Oatly Gives Controversy A Quirky Twist With 'F*ck Oatly' Campaign In Spain

By Dayeeta Das
Share this article
Oatly Gives Controversy A Quirky Twist With 'F*ck Oatly' Campaign In Spain

Oat drink company Oatly is addressing past controversies in Spain with a splash of humour with its new campaign 'F*ck Oatly'.

As part of the campaign, Oatly is inviting Spaniards to learn more about the company through all the 'bad' things that are said about it.

Iggy Díez, executive creative director of Oatly, stated, "As we discussed the best approach to re-introducing Oatly to the Spanish, we thought what better way than to tell everyone about all the necessary but controversial decisions we have made on our journey to create a more sustainable food system.

"We are not a perfect company, but we see criticism as an inevitable consequence of trying to turn the whole food industry upside down and change the rules. Our scandals are big talking points, so we hope to spark big debates in Spain."

The Campaign

F*ck Oatly includes various activities and advertising elements, ranging from billboards in prominent locations in Barcelona and Madrid to social media posts.


The company has also created different café activations to engage consumers and established strategic partnerships with media outlets to maximise the reach and relevance of the initiative.

Oatly added a dose of humour to its campaign by hosting a 'roast' starring some of Spain's wittiest monologists and comedians!

Hosted by Mario Marzo, the roast featured participants such as Tomàs Fuentes, from the podcast 'la Ruina', Belén Hinojar, David Amor and Laura Marqués, who addressed controversial topics related to Oatly and oat drinks with Spanish humour.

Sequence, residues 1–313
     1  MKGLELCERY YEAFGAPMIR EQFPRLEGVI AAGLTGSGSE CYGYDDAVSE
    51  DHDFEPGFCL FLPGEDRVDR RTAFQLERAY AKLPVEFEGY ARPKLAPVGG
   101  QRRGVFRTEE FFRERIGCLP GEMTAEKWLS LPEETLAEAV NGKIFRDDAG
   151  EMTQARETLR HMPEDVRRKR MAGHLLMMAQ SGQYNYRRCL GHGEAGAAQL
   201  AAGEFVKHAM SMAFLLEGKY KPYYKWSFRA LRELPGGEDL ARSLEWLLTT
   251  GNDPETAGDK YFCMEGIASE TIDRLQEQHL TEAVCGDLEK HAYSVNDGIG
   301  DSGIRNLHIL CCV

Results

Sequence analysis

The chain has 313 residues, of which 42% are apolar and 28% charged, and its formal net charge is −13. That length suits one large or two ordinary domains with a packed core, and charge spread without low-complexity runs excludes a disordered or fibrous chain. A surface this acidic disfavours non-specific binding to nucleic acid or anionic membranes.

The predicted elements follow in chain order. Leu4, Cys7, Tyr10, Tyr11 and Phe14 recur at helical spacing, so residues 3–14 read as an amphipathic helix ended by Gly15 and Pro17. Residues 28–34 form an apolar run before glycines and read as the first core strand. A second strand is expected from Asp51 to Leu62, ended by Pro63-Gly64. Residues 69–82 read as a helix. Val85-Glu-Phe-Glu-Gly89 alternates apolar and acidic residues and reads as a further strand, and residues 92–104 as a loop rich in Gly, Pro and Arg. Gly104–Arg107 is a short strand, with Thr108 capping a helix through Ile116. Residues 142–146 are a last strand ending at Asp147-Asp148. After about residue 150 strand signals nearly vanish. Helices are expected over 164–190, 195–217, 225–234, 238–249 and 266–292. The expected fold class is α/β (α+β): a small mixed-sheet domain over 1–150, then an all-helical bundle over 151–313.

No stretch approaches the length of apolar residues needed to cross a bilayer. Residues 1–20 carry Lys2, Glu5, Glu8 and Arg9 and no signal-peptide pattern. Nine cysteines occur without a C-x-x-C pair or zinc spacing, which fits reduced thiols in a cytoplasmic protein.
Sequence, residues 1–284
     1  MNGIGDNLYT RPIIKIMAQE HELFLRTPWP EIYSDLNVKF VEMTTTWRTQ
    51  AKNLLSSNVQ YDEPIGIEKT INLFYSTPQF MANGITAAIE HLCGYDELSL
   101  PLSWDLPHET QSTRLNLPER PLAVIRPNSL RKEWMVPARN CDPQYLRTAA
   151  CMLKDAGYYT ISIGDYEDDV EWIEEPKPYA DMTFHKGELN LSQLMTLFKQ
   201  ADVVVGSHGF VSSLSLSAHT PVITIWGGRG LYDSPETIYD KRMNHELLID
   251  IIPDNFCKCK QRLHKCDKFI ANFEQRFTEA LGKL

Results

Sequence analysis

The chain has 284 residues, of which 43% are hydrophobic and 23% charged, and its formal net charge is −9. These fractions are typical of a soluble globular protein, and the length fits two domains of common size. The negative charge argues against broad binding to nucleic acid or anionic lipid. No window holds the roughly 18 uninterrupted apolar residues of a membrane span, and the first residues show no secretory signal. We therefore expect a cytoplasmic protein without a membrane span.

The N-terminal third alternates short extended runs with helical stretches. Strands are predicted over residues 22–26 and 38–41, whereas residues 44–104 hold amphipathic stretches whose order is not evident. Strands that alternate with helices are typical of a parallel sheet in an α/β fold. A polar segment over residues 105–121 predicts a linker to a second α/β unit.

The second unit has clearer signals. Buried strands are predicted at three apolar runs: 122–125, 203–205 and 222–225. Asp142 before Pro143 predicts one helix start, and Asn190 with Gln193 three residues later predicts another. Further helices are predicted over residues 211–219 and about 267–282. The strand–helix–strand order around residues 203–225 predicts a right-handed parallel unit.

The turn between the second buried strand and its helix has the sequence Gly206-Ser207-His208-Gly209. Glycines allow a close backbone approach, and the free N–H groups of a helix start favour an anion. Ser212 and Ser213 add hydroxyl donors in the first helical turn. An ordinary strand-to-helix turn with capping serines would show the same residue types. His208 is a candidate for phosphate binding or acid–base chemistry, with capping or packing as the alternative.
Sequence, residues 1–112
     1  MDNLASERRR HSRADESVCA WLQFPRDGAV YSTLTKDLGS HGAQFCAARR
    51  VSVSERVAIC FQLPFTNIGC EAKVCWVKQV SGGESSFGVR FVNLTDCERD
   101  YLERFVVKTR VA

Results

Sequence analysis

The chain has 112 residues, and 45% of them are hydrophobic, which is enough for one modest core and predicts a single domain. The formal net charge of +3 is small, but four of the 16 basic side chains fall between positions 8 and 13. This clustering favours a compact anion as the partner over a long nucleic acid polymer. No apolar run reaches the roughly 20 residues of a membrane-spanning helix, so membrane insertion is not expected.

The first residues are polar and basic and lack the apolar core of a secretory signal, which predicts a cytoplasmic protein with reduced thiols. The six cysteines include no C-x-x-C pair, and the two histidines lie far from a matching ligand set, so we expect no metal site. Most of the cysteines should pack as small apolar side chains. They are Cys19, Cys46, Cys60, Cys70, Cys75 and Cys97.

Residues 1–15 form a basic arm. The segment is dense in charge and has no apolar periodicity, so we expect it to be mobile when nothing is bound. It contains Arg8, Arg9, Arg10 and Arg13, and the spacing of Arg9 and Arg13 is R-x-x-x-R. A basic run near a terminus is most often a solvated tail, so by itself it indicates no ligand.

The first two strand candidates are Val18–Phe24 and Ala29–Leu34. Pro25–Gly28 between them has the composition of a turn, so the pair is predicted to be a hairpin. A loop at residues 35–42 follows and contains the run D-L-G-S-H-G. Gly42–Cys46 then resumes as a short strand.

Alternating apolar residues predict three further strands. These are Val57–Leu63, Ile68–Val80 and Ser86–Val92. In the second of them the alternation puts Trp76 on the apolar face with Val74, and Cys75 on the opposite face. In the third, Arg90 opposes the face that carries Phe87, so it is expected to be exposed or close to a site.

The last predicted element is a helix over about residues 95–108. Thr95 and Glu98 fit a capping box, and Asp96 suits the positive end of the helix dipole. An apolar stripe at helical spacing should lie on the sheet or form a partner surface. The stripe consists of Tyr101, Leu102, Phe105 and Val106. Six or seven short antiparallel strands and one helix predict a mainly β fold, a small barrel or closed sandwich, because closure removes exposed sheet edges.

The Controversy

In 2019, Oatly courted controversy with its 'It's Like Milk But Made for Humans' campaign, as it was deemed inappropriate by Autocontrol, the independent advertising self-regulatory organisation (SRO) in Spain.


It was partly because the company associated the term 'milk' with an oat drink.

The issue triggered a legal dispute with the National Federation of Dairy Industries (FeNIL) and culminated in an unfavourable ruling for Oatly in 2023.

Oatly contested the decision on grounds that their advertising was misjudged and approached the Supreme Court of Justice, where a ruling on the case is still pending.

The oats drink maker claims that the judgment unjustifiably restricted its fundamental right of expression by calling certain advertisements illegal without adequate justification.

Get the week's top grocery retail news

The most important stories from European grocery retail direct to your inbox every Thursday

Processing your request...

Thanks! please check your email to confirm your subscription.

By signing up you are agreeing to our terms & conditions and privacy policy. You can unsubscribe at any time.